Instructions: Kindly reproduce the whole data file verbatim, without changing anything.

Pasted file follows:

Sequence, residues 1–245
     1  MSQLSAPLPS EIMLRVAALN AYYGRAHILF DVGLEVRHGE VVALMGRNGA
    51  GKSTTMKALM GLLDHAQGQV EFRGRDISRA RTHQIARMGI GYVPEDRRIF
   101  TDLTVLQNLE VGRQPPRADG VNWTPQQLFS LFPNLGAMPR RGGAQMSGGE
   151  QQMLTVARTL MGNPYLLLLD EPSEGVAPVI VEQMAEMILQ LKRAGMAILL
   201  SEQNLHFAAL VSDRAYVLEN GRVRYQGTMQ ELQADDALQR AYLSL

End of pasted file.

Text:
Sequence, residues 1–245
     1  MSQLSAPLPS EIMLRVAALN AYYGRAHILF DVGLEVRHGE VVALMGRNGA
    51  GKSTTMKALM GLLDHAQGQV EFRGRDISRA RTHQIARMGI GYVPEDRRIF
   101  TDLTVLQNLE VGRQPPRADG VNWTPQQLFS LFPNLGAMPR RGGAQMSGGE
   151  QQMLTVARTL MGNPYLLLLD EPSEGVAPVI VEQMAEMILQ LKRAGMAILL
   201  SEQNLHFAAL VSDRAYVLEN GRVRYQGTMQ ELQADDALQR AYLSL